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What is Address Sequencing in Computer Architecture?
Microinstructions are saved in control memory in groups. These groups describe routines. Each computer instruction has its microprogram routine that can create micro-operations. These micro-operations can execute instructions. The hardware consists of controls for the address sequencing of the microinstructions of a similar routine. They also branch the microinstructions.
There are the following phases that the control has while implementing a computer instruction −
- When power is turned on, and address is initially loaded into the control address register. (This is the address of the first microinstruction).
- The control address register is incremented resulting in sequencing the fetch routine.
- After the fetch routine, the instruction is present in the IR of the computer.
- Next, the control memory retrieves the effective address of the operand from the routine.
- Thus, the mapping process appears from the instruction bits to a control memory address.
- It depends on the opcodes of instruction the microinstructions of the processor registers are generated. Each of these microinstructions has a separate microprogram routine stored.
- The instruction code bits are changed into the address where the routine is placed and is known as the mapping process. A mapping process transforms the microinstruction into a control memory address.
- Next, subroutines are called and processes are returned.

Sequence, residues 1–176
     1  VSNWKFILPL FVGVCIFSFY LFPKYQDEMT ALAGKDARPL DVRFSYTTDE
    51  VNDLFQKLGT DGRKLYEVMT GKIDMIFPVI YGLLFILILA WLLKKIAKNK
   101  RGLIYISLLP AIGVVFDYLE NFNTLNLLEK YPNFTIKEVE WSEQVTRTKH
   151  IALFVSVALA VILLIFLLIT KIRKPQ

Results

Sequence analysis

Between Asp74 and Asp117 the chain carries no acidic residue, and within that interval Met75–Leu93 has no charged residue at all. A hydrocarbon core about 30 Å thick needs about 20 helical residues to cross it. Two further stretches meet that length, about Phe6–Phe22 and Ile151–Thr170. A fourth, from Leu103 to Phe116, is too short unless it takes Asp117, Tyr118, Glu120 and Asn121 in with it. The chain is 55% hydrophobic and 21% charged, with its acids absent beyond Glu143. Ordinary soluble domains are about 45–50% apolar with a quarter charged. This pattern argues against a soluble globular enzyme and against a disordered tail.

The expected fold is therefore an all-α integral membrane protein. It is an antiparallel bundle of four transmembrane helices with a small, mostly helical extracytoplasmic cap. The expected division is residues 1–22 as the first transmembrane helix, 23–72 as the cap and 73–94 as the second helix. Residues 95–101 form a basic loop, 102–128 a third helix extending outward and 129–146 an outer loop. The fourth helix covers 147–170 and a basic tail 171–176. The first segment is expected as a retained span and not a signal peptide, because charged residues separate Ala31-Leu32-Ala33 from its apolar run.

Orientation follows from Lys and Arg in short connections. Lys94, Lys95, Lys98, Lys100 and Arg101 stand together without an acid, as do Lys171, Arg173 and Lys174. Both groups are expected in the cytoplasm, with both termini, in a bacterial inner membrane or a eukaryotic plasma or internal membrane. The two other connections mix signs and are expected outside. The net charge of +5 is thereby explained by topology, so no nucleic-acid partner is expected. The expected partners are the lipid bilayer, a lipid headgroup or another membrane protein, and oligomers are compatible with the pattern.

- After the completion of the routine, the control address register is incremented to sequence the instruction is implemented. It can also be based on the values of status bits in processor registers. External registers are needed through microprograms to save return addresses that use subroutines. After the instruction is performed, the control returns to the fetch routine. This is done by branching the microinstruction to the first address in the fetch routine.
The diagram shows the block diagram of a control memory and its associated hardware to support in choosing the next microinstruction. The microinstruction present in the control memory has a set of bits that facilitate to start off the micro-operations in registers.
There are four different directions are showed in the figure from where the control address register recovers its address. The CAR is incremented by the incrementer and selects the next instruction. In multiple fields of microinstruction, the branching address can be determined to result in branching.
It can specify the condition of the status bits of microinstruction, conditional branching can be applied. A mapping logic circuit can share an external address. A special register can save the return address so that when the microprogram needs to return from the subroutine, it can need the value from the unique register.
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